Periodontitis and Inflammatory Bowel Disease

A Meta-analysis

Yang-yang She; Xiang-bo Kong; Ya-ping Ge; Zhi-yong Liu; Jie-yu Chen; Jing-wei Jiang; Hong-bo Jiang; Si-lian Fang


BMC Oral Health. 2020;20(67) 

In This Article


Inflammatory bowel disease (IBD) is a chronic relapsing and remitting intestinal inflammatory disease with an increasing prevalence worldwide.[1,2] Crohn' s disease (CD) and ulcerative colitis (UC) are two forms of IBD.[3] While UC is limited to the colon, CD can affect anywhere along the gastrointestinal tract, most frequently in the distal ileum. The main clinical manifestations are abdominal pain, diarrhea and bloody stool. Besides the intestinal inflammatory involvement and complications that characterize the disease, extraintestinal manifestations (EIMs) occur in up to 40% of IBD patients,[4] involving the eyes, mouth, nerve system, skin, joints, and liver.[5] Oral lesions precede, coincide with or follow the onset of the intestinal symptoms.[6] However, the prevalence of oral lesions in IBD varied substantially in previous studies.[7,8] Due to poorly understood etiology, there is currently no cure but only temporary relief for IBD patients.[9]

While many potential causes that play a major role in the disease pathogenesis have been identified. These fall into three specific categories: genetic predisposition, the host immune system, as well as environmental factors, such as the gut microbiota dominated by intestinal bacteria.[10,11] An emerging theory is that IBD is the result of an abnormal reaction of T-lymphocytes to specific bacterial flora in genetically vulnerable populations.[12] Compared with healthy individuals, the composition of intestinal bacterial microbiota of IBD patients were imbalance.[13] The dynamic crosstalk between intestinal epithelial cells (IECs), intestinal microbes and local immune cells reflects one of the essential features of intestinal homeostasis.[13]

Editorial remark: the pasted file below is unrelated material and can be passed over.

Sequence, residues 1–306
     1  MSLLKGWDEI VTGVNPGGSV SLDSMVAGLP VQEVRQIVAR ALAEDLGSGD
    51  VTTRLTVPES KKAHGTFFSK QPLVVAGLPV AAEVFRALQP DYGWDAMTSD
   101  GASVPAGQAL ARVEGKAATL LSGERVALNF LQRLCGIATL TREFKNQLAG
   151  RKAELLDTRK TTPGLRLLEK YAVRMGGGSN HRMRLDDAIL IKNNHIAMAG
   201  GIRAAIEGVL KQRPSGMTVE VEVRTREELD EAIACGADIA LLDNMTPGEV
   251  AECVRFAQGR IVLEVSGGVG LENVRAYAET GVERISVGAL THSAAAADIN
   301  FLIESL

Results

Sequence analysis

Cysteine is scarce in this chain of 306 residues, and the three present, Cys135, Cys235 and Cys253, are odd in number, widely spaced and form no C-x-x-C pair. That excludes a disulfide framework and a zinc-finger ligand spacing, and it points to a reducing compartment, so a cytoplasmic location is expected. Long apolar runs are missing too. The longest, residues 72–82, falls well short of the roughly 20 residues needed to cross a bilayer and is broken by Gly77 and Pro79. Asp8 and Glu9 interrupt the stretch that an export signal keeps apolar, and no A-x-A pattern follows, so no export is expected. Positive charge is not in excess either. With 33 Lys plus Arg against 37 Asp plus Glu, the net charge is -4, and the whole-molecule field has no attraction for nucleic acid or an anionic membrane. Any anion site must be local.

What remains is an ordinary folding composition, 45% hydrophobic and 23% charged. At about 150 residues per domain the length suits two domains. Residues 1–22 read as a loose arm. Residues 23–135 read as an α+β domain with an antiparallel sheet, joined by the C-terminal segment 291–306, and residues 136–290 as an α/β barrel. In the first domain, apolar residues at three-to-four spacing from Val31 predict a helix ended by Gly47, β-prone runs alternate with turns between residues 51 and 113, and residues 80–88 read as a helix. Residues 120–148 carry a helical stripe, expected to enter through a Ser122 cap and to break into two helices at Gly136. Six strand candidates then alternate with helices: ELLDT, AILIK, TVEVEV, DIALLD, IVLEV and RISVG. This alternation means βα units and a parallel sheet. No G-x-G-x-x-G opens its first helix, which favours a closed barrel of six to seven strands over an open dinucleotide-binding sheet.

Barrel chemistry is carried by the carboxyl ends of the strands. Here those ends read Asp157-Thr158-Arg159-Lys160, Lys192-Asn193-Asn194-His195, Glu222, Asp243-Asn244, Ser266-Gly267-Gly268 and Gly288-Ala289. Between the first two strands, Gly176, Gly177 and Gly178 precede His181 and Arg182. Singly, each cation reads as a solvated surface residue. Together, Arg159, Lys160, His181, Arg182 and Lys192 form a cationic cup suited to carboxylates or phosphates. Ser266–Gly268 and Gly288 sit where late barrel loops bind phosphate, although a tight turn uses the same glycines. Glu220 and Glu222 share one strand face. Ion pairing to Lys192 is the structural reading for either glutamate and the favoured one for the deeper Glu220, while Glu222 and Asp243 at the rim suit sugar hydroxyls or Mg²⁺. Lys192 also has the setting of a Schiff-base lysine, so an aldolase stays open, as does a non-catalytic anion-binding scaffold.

Earlier studies documented a high prevalence of periodontitis in patients with IBD.[14,15] However, with regard to the markedly different features between CD and UC,[16] information would be lost when they are combined as IBD. Hence, they should be measured separately. Periodontitis is a polymicrobial, biofilm-mediated disease resulting in inflammatory resorption of alveolar bones.[17] Periodontitis and IBD share the inflammatory processes in its progression, in which the key mediators involved in tissue damage are common, such as some cytokines.[12,18] In addition, a high frequency of periodontopathic bacteria such as Campylobacter rectus, Porphyromonas gingivalis and Tannerella forsythia have been found among patients with CD.[19] The periodontal pathogens induced changes of the composition of intestinal microorganisms, and their inflammatory response could cause IECs barrier dysfunction, accentuating the disease.[20]

At present, the relationship between periodontitis and IBD has not been firmly established. Confirming this correlation is critical and would inspire future research on understanding IBD etiology, elucidating the underlying mechanisms, and might lead to novel treatment strategies. Therefore, we conducted a meta-analysis on the association between periodontitis and IBD.